With the school’s officials reluctant to talk, unease about Penn’s Trump connection has revealed itself in limited but telling glimpses. Shortly before the Republican National Convention in 2016, nearly 4,000 Wharton students, graduates, and relatives signed a petition telling Trump, “You do not represent us.” And The Daily Pennsylvanian, the student newspaper, published a slide late last year that it said the student group responsible for giving tours had used in order to advise guides about navigating potentially fraught interactions with prospective students. The slide, titled “Trump Reminder,” anticipated eventualities such as “Visitor asks about his views” and “Visitor pushes further.” (A student tour guide I talked to told me that visitors had asked questions about Trump before, but that he hadn’t heard of any of those conversations turning sour.)

Read the rest here.

The Penn Slavery Project

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Students at the University of Pennsylvania have been exploring the university’s connection to slavery through the Penn Slavery Project.  The Daily Pennsylvanian reports on how things are going.

Here is a taste of Giovanna Paz’s piece, “New findings from Penn Slavery Project show how U. benefited financially from enslaved labor“:

The students unearthed evidence that implicated several leading figures, such as Robert Smith, a prominent architect for the Academy and a slaveholder, as having substantial involvement in the slave trade. There is also significant evidence that the University had considerable knowledge of the connections, which included a campaign soliciting funds from a number of wealthy donors, many of whom owned slaves.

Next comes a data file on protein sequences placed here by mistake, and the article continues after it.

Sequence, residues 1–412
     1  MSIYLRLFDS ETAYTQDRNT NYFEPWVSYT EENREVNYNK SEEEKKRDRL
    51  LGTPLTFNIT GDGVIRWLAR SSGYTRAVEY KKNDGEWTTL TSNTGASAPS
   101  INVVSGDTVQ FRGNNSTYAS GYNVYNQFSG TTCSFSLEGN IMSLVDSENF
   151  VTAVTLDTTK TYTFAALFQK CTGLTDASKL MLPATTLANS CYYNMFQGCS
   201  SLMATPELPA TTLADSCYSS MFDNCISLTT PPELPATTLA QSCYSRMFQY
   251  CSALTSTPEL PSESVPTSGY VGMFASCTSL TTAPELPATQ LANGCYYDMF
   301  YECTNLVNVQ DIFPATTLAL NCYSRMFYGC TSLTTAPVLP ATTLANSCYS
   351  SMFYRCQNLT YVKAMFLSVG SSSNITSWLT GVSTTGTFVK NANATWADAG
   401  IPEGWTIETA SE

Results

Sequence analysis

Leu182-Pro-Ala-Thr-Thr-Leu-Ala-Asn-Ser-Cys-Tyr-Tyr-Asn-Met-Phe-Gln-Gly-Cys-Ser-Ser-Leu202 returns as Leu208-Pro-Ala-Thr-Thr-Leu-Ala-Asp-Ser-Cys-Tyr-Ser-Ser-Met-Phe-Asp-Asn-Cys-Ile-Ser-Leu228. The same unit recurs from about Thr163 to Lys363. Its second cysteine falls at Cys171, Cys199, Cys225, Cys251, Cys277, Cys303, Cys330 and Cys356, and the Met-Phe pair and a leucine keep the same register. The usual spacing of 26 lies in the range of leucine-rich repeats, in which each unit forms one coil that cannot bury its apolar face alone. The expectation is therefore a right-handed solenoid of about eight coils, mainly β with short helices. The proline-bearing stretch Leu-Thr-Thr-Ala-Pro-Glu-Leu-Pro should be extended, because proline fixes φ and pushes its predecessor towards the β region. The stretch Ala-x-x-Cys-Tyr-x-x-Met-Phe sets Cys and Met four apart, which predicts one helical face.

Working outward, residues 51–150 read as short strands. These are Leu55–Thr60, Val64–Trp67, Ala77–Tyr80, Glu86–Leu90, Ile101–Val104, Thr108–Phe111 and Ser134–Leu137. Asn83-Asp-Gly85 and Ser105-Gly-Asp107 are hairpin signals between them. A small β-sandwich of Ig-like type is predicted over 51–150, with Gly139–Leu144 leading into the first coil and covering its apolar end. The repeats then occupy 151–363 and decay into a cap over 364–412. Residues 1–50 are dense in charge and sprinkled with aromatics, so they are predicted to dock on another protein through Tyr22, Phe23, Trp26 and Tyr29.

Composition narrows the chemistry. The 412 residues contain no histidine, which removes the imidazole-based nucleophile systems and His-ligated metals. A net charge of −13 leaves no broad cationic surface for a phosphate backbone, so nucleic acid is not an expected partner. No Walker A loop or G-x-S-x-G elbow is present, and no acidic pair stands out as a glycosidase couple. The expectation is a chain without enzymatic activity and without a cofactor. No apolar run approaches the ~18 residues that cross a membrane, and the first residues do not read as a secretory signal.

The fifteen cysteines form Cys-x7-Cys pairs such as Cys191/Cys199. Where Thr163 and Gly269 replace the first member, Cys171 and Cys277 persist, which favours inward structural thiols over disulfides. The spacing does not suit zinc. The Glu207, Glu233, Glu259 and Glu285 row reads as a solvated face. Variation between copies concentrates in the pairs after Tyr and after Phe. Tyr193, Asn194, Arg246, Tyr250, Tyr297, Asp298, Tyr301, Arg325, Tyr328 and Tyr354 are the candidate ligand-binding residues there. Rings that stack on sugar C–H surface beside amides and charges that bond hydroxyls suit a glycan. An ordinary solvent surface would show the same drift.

Perhaps the most explicit evidence that Penn documented and was aware of connections to the slave trade involved Ebenezer Kinnersley, an early professor of the Academy who worked alongside Penn founder Benjamin Franklin. Kinnersley was reimbursed by the University from 1757 to 1770 for the work done by his enslaved person on campus.

“These funds are coming directly from people who are benefiting from the slave labor and the exploitation of enslaved bodies and the University was aware,” College senior and PSP member Caitlin Doolittle said during the presentation. “None of this is happening in a vacuum. They are not ignorant to the fact that these people are slaveowners.”

For two semesters, a group of undergraduate students has explored Penn’s ties to the slavery and the slave trade. Throughout the process, the students used material from local, online, and University archives. 

Read the entire piece here.  Also check out this recent piece at The Progressive.

Rick Beeman, R.I.P.

beemanWe lost another esteemed member of the early American history community last week.  After an extended illness, Richard Beeman, the John Welsh Centennial Professor of History Emeritus at the University of Pennsylvania, passed away.  I learned about Rick’s passing from Dan Richter‘s e-mail to the McNeil Center for Early American Studies community.

Here is a taste of that e-mail: